A report released by the USHMM’s Simon-Skjodt Center for the Prevention of Genocide on Tuesday details accounts of several former detainees of Xinjiang’s sprawling network of detention camps, where it is estimated that at least one million Uyghurs and others are being held.
The USHHM is “gravely concerned” that the government “may be committing genocide,” the report, titled “‘To Make Us Slowly Disappear’: The Chinese Government’s Assault on the Uyghurs,” says.
The 59-page report comes after the museum in March last year said that there was “reasonable basis” to believe that the Chinese Communist Party (CCP) “had perpetrated the crimes against humanity of persecution and of imprisonment” against the Turkic-speaking Uyghurs.
Accounts of “forced sterilization, sexual violence, enslavement, torture, and forcible transfer” are detailed in the museum’s latest report.
“The Chinese government has done its best to keep information about crimes against the Uyghurs, a Muslim minority, from seeing the light of day,” Tom Bernstein, USHMM Committee on Conscience chairman, said in a statement.
“The Chinese government must halt its attacks on the Uyghur people and allow independent international monitors to investigate and ensure that the crimes have stopped.”
Chinese authorities deny wrongdoing in the region, claiming the mass detentions among the Uyghur population are part of measures to crack down on terrorism, religious extremism, and separatism in the country. They have referred to “extremist threats” in order to justify strict surveillance and clampdown on Uyghurs and other ethnic minority groups in the Xinjiang region.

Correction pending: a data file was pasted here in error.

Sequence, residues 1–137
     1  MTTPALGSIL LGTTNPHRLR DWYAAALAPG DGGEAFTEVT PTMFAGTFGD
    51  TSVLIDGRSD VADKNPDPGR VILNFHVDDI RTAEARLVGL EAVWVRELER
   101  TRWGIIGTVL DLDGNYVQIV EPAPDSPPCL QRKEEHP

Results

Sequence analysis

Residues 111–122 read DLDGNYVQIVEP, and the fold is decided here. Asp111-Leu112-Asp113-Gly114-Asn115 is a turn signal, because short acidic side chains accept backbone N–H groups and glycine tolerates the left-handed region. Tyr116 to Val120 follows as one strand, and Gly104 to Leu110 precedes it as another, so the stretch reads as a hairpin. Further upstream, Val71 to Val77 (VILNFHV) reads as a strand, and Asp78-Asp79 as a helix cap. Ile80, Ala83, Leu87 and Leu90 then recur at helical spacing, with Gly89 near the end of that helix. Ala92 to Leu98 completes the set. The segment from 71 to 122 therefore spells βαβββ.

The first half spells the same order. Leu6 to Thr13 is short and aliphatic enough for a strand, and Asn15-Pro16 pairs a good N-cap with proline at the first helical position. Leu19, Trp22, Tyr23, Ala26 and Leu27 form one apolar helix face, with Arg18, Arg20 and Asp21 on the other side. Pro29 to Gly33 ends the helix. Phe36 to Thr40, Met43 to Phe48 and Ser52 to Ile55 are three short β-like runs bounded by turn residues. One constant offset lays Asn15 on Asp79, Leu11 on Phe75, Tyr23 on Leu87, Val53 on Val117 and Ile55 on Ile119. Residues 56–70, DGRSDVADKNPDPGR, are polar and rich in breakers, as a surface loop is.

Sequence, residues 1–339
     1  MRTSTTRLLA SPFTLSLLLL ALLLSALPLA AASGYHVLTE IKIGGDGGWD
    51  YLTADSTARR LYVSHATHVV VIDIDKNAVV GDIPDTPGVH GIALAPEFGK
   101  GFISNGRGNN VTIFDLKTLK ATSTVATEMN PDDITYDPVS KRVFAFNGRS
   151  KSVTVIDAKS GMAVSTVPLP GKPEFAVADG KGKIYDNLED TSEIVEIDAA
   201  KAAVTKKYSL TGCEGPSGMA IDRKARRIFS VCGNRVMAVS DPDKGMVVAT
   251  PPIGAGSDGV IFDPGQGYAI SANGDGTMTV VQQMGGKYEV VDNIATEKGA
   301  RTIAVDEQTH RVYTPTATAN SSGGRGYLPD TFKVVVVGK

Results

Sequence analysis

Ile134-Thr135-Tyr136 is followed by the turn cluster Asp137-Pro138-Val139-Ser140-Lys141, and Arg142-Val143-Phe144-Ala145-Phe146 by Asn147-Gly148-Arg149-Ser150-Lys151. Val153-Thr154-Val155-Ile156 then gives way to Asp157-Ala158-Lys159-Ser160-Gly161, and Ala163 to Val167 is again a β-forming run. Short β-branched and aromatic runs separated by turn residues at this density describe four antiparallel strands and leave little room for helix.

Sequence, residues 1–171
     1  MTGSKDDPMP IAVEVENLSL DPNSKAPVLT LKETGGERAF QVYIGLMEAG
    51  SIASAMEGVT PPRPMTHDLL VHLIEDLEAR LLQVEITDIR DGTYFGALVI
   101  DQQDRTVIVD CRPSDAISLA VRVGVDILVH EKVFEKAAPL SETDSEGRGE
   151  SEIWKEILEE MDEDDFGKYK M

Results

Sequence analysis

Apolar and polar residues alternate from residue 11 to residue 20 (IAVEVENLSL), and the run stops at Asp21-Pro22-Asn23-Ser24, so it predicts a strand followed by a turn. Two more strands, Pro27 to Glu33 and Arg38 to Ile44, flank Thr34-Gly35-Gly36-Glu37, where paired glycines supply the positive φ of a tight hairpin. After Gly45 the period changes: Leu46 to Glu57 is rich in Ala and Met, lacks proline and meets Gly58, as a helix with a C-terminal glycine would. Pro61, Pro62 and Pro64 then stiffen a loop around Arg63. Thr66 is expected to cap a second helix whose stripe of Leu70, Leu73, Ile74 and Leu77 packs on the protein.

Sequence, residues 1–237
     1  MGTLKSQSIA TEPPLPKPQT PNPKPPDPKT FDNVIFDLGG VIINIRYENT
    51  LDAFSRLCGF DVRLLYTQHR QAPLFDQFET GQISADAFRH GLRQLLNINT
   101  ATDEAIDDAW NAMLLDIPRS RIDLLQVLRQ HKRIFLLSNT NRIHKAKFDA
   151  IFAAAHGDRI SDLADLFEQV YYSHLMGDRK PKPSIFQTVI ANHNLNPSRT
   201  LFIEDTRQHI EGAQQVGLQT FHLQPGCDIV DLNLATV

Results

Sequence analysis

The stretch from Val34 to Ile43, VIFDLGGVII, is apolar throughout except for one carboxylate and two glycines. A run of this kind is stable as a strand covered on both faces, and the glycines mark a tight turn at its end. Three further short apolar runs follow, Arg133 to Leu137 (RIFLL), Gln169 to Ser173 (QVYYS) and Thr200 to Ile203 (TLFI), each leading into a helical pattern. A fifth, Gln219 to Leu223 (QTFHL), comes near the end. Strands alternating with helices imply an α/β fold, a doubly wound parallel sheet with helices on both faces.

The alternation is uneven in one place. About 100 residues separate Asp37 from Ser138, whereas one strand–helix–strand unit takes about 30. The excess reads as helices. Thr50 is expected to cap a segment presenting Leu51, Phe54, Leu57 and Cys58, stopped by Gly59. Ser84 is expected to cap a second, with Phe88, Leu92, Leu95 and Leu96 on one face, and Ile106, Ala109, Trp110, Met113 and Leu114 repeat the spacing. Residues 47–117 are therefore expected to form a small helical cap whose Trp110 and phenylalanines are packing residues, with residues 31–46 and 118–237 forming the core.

The U.S. government has already determined that China’s actions against Xinjiang’s Uyghur population, the majority of whom practice Islam, and other minorities, amount to genocide.
“The Chinese government’s assault on the Uyghur community—marked by the incarceration of between one and three million people as well as abuses such as forced sterilization, torture, sexual violence, and forced labor—is alarming in scale and severity,” said Naomi Kikoler, director of the museum’s Simon-Skjodt Center for the Prevention of Genocide.
“The damage inflicted upon Uyghur individuals, families, and their community has left deep physical and emotional scars. The trauma from these atrocities will harm generations of Uyghurs.”
Kikoler added that the report should serve as a wake-up call for the international community to boost pressure on Beijing to halt the repression in Xinjiang.
Despite the CCP’s claims of reeducation in Xinjiang, former Uyghur detainees have told The Epoch Times that they were subject to torture, forced to denounce their faith, and forced to pledge loyalty to the CCP while held for unknown reasons in often overcrowded facilities.
Uyghurs who have family members in the camps have also told The Epoch Times that Uyghurs in the region are being detained for reasons such as contacting friends or relatives abroad, traveling to a foreign country, growing beards, or attending religious gatherings.
The Associated Press contributed to this report.